Just this June, the last piece of Shaq’s Miami hold was sold. Even before being traded, Shaq put his Star Island mansion on the market, with an asking price of $35 million. The waterfront stunner features eight bedrooms, an indoor basketball court, gym, steam room, and sauna. The 2.5-acre grounds include a tennis court, six-car garage, dock, two-bedroom guesthouse, and pool displaying Shaq’s favorite Superman logo. Miami’s housing slump certainly had an affect on this trophy spread; four years after first going on the market, it reportedly sold for $16 million, which is $2.8 million less than Shaq paid for the property in 2004.May-June07(1)_FarkasCover

Cover: Andrew Farkas
Issue: May/June 2007

The title of the cover article on the founder of Island Global Yachting says it all: Global Domination. At the time of the feature, IGY had just opened the world’s first five-star megayacht marina experience at Yacht Haven Grande in St. Thomas, USVI. The property combines white-glove service with state-of-the-art docking and a plethora of shore-side amenities, so that it more resembles a hospitality destination than a typical marina. In the two short years since the feature story, IGY has taken the successful formula it established at Yacht Haven Grande and applied it to 15 marinas from Montauk and New York, to Dubai and Croatia, with 10 locations in the Caribbean alone.


Cover: Don & Jeff Soffer
Issue: May/June 2007

The Soffers are an American real estate dynasty, with the holdings to prove it. At the time of our feature, the Soffers’ Turnberry Associates had a $5 billion portfolio that was expected to increase thanks to ventures in Las Vegas. Since taking control of the company’s residential sector, Turnberry has built more than 3,100 condo units in Sin City, the majority of which sold out before the market downturn.

Then, of course, there is the crowning achievement: Fontainebleau Miami Beach. Following a $500 million renovation, Jeff and his father unveiled the property in November to a crowd that included everyone who was anyone from Miami, Hollywood, and beyond. The Victoria Secret Fashion Show, filmed on property the night following the opening, introduced the hotel’s glossy new updates to a global audience when it aired less than a month later.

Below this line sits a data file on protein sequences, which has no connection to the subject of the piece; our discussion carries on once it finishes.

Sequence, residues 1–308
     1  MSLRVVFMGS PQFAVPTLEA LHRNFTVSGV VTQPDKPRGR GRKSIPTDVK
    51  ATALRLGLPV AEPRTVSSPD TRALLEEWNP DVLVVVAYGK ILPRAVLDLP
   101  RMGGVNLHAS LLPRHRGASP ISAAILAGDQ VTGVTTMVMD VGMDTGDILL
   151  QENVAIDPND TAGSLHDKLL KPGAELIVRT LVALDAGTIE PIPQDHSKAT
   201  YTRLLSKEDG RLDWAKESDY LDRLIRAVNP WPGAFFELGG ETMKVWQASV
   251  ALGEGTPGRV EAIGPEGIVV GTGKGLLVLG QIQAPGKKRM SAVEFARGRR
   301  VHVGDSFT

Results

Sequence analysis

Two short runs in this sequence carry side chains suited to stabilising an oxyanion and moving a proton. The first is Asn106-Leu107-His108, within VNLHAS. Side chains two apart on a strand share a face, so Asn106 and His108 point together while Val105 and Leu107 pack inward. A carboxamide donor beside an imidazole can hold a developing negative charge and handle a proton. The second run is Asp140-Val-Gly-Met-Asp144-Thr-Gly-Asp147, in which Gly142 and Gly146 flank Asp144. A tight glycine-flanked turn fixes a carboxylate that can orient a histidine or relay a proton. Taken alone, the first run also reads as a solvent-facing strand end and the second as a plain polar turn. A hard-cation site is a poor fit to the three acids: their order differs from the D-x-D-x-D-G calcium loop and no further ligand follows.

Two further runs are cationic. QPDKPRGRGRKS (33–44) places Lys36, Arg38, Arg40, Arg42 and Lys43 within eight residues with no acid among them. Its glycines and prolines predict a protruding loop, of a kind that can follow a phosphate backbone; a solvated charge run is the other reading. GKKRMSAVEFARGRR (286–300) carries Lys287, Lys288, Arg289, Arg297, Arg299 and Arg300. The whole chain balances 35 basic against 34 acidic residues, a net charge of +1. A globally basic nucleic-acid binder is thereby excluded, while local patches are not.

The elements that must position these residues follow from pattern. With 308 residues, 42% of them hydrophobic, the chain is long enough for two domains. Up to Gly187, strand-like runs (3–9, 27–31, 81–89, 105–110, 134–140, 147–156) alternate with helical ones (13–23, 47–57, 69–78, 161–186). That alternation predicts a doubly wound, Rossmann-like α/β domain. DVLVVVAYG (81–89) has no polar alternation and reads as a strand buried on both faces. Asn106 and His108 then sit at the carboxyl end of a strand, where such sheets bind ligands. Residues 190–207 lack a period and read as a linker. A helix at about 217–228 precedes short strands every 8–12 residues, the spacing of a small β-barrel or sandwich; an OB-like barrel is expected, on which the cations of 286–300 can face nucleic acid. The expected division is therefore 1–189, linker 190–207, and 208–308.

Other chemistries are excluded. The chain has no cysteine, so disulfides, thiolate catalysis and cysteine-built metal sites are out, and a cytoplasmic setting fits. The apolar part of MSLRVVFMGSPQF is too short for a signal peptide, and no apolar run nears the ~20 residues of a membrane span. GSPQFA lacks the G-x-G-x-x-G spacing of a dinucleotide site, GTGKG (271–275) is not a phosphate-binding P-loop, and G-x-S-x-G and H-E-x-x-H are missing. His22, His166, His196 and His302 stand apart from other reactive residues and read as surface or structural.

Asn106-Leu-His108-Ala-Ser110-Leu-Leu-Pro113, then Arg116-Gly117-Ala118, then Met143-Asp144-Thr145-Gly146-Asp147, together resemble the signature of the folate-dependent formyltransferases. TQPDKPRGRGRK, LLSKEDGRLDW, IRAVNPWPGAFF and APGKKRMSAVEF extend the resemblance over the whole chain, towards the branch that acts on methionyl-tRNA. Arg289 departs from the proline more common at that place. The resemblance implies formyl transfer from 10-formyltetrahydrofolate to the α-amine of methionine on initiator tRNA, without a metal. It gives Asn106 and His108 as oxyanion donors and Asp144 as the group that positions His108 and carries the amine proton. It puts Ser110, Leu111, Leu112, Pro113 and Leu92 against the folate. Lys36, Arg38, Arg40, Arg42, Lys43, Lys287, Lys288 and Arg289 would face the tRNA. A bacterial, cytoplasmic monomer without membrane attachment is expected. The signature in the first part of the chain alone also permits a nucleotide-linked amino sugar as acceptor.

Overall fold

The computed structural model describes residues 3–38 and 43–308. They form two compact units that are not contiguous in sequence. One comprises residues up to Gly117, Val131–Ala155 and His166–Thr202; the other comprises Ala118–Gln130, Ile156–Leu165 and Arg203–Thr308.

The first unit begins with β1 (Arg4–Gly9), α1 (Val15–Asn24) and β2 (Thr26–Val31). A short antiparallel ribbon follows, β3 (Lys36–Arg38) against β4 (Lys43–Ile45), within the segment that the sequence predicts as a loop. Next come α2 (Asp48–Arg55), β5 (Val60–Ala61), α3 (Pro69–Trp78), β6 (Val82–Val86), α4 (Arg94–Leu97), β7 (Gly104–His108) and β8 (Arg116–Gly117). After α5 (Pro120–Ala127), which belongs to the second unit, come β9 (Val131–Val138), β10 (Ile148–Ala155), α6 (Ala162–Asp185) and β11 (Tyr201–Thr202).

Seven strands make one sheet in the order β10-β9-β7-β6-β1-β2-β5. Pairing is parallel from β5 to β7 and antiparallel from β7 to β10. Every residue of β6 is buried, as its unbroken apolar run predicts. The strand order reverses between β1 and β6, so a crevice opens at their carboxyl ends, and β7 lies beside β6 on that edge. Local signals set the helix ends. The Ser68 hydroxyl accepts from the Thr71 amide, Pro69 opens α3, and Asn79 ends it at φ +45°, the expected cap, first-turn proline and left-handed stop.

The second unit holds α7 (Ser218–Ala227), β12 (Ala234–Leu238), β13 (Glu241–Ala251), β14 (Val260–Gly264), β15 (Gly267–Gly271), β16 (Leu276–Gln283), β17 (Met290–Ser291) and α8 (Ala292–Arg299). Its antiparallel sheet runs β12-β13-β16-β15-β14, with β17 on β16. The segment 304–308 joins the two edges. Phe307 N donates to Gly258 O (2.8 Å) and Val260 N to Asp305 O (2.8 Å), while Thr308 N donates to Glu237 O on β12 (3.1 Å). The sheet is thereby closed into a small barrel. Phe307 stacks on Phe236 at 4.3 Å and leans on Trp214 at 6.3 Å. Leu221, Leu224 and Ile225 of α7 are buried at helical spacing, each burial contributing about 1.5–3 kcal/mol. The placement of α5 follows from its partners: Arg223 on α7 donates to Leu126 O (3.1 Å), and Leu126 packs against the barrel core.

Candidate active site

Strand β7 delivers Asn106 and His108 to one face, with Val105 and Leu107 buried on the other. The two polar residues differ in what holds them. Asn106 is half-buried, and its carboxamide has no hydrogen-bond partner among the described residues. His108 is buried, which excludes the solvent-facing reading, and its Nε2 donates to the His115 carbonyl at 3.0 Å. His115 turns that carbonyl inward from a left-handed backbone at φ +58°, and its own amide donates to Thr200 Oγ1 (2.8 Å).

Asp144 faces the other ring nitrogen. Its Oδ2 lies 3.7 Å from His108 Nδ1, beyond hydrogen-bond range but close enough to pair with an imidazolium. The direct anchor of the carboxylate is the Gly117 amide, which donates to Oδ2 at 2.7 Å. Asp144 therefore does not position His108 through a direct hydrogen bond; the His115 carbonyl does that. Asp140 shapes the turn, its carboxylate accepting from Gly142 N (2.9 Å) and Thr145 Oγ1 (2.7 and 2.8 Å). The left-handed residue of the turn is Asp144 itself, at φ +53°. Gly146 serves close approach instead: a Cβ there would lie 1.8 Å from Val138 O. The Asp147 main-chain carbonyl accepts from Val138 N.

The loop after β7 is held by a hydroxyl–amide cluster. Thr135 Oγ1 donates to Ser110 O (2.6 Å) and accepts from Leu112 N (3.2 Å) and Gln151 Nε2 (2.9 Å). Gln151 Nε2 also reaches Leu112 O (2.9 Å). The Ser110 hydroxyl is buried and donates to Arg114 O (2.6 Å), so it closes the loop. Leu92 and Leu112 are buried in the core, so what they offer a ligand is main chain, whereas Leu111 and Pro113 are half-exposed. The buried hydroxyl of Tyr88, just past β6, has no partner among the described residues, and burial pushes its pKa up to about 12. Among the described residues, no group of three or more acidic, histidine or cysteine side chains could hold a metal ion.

However, Jeff was unsuccessful in translating the Fontainebleau brand to the Vegas market. In June, he was forced to seek bankruptcy protection on the stalled $3 billion development on the Strip. Official reports say that the blunder will not have a negative affect on the family’s other holdings, and that the Miami Beach property is safe. Nakheel, a subsidiary of Dubai World, recently bought a 50 percent interest in the Fontainebleau Miami Beach resort for $375 million.July-Aug07_RatnerCover

Cover: Brett Ratner
Issue: July/August 2007

For our three-year anniversary, we were honored to feature “Billion Dollar Director” Brett Ratner on the cover. The article detailed the Miami Beach native’s rise from a quasi-promoter at the Forge making $500 per week to one of the biggest box office draws in Hollywood. Ratner is behind films such as Rush Hour, X-Men: The Last Stand, and Red Dragon. When we profiled the director, his eight feature films had grossed more than a billion dollars worldwide. Since that time, he has released Rush Hour 3, which increased his billion-dollar ranking exponentially, and he is currently working on Playboy: The Life of Hugh Hefner. He also launched Rat Press, which is billed as “everything that film is not.” The works published by Rat Press go behind the scenes of the movie business, with interviews with actors and producers, as well as novels, photos, and artworks from the most prolific individuals in the industry. The latest publication is Scott Caan Photographs Vol. 1, featuring the photojournalism of the actor/writer/director. Between films, Ratner also keeps himself busy by directing commercials, such as the Risky Business play for Guitar Hero.